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Invest in Your Human Capital

As a young adult, your developing skills, education and sociability determine your ability to earn an income. Here's how.

First, recognize that your human capital represents the present value of all your future wages.

It matters most for Gen Yers, born between the early 1980s and early in this century, because of its ongoing value over the next 20 to 40 years in terms of funding your lifestyle and allowing you to save for current and future goals. Increasing your human capital enables you to increase your net worth.

Consider these strategies to invest in your ability to earn an income:

Education. What skills or certifications enhance your value or diversify your experience? What conferences, events or training sessions do you need? When it comes to education, subscribe to lifelong learning , using both formal and informal learning opportunities throughout your life.

What avenues help you continue to learn? Don't necessarily stay within the barriers of your current company; look to related industries and fields. For example, many insurance brokers, financial planners, accountants and estate planning attorneys attend the same networking events or conferences for new ideas and to keep up on developments.

Some of the most creative and refreshing ideas come when you explore how other industries or businesses operate.

Industry trends and developments. Do you know the latest news in your company and industry? Are you aware of trends, revenue sources and the overall market for your company or product? Who are your company's competitors?

Stay current as a resource by reading industry publications and understanding imminent changes or advances in technology or product design contributing to the company bottom line.

Make yourself indispensable to your employer or clients . Gen Yers' renowned and often deserved reputation for tech savviness means you likely catch on to technology trends quickly. For example, does your company need a social media refresh or rollout to the likes of Facebook , Twitter or LinkedIn ?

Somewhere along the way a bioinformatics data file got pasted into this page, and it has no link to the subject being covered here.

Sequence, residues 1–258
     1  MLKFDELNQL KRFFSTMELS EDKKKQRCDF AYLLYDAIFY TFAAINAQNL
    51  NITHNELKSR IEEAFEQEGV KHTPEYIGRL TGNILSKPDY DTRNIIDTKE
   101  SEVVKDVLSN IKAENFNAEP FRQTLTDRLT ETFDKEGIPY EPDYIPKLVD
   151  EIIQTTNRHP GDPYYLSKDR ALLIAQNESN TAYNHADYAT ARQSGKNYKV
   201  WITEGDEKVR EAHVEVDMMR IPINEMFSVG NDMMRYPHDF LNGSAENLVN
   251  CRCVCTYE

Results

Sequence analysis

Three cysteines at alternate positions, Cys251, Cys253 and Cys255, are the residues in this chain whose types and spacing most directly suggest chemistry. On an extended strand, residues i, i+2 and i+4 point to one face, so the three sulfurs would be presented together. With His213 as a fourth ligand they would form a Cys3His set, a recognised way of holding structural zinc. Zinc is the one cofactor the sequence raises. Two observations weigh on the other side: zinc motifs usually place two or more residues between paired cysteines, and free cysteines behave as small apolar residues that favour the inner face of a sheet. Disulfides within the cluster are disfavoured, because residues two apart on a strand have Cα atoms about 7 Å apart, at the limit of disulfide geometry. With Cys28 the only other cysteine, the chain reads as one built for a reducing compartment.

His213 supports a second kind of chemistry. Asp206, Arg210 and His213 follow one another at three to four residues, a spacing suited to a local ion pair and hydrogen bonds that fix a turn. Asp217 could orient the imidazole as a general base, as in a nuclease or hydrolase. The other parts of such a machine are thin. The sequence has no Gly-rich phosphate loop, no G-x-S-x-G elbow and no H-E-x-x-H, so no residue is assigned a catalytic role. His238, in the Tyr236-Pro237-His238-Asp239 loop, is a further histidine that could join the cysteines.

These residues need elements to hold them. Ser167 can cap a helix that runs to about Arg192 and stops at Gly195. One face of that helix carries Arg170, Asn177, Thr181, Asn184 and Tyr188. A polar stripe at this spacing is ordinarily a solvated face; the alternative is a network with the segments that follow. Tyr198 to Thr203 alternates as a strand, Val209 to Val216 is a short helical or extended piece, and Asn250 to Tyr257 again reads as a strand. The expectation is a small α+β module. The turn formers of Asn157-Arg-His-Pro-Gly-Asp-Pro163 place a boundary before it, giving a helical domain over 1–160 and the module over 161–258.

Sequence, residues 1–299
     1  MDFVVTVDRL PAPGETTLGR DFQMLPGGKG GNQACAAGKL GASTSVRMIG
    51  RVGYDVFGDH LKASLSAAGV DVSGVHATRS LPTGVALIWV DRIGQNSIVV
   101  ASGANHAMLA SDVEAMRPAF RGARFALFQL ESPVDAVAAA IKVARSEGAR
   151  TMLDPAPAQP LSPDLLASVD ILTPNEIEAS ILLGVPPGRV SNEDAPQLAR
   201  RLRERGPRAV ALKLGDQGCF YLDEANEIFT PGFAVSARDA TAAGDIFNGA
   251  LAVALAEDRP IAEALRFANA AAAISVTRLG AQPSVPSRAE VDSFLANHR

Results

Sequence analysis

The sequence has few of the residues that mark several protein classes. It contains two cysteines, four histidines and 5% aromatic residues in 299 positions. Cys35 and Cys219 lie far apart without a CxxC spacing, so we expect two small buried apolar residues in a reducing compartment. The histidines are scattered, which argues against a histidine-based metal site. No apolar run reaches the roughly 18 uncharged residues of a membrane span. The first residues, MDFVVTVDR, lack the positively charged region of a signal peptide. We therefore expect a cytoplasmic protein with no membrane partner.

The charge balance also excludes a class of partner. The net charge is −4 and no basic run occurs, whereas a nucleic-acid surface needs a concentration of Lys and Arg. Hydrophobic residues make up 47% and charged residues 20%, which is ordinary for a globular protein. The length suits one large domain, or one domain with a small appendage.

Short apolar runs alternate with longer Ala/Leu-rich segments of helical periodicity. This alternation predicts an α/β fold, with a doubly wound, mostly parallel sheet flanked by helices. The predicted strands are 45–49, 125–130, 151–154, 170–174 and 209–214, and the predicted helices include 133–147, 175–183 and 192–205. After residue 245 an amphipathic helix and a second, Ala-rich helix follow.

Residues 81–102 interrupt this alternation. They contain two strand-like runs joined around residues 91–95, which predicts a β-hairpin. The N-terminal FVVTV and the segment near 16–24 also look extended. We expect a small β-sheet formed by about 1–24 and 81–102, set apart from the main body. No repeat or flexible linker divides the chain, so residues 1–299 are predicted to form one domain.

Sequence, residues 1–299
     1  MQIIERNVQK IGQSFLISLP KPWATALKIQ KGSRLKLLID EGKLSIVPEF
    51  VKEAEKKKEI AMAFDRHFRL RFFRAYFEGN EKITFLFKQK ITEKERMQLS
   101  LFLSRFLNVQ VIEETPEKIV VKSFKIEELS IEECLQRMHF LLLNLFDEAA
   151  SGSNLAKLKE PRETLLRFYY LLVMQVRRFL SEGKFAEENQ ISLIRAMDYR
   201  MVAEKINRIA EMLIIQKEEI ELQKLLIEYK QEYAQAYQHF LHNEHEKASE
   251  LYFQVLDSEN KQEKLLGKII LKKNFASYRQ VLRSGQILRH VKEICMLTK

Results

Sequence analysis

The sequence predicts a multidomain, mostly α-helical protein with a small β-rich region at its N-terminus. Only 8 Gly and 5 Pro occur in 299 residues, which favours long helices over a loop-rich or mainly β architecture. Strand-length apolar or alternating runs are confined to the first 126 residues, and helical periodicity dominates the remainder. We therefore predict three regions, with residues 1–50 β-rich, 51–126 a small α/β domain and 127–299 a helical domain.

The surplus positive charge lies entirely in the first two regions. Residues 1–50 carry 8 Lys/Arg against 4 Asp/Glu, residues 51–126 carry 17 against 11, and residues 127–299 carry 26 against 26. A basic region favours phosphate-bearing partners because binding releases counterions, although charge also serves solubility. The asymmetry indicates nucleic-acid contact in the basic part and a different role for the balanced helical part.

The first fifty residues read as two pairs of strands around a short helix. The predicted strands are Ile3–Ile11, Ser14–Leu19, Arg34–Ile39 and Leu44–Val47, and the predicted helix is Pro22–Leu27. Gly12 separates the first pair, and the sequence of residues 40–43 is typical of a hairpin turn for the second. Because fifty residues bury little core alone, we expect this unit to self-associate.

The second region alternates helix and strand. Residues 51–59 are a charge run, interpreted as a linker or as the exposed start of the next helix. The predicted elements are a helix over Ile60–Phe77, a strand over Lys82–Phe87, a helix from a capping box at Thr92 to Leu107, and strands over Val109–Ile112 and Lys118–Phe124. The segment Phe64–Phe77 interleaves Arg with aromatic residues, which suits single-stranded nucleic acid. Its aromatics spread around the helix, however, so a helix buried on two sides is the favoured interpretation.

Volunteer to review the latest software products or customer relationship management systems to streamline your business and report on which new systems make sense. If you own your own company, then think hard about details of your clients' operations and provide indispensable advice and value to them.

Relationships. Solidify relationships with key company colleagues or members in your community. Who are you connected to professionally? Do you invest in those relationships? Seek out enough new ones?

Professional relationships take time and commitment. If you look to connect with someone, ask about them and listen actively - make eye contact, avoid nearby distractions and watch the speaker's body language. If you want input on a question, issue or project, appreciate and respect the time and thought of your speaker.

Your goals. Let's say you get fired today. Do you look for a similar position or change industries or careers? Job happiness figures highly in your human capital. Research, learning, relationships and becoming indispensable all come easier when you follow your goals.

Reassess your professional goals and wants occasionally - and never stop learning.

Follow AdviceIQ on Twitter at @adviceiq.

Mary Beth Storjohann, CFP( R ), is the founder of Workable Wealth, an RIA in San Diego. She is a writer, speaker and financial coach who is passionate about working with individuals and couples in their 20s and 30s to help them organize and gain confidence in their financial lives. She has been quoted or featured in various industry publications on the local and national level. You can find her on Twitter at@marybstorj.

AdviceIQ delivers quality personal finance articles by both financial advisors and AdviceIQ editors. It ranks advisors in your area by specialty, including small businesses, doctors and clients of modest means, for example. Those with the biggest number of clients in a given specialtyrank the highest. AdviceIQ also vets ranked advisors so only those with pristine regulatory histories can participate. AdviceIQ was launched Jan. 9, 2012, by veteran Wall Street executives, editors and technologists. Right now, investors may see many advisor rankings, although in some areas only a few are ranked. Check back often as thousands of advisors are undergoing AdviceIQ screening. New advisors appear in rankings daily.

The views and opinions expressed herein are the views and opinions of the author and do not necessarily reflect those of Nasdaq, Inc.

The views and opinions expressed herein are the views and opinions of the author and do not necessarily reflect those of Nasdaq, Inc.

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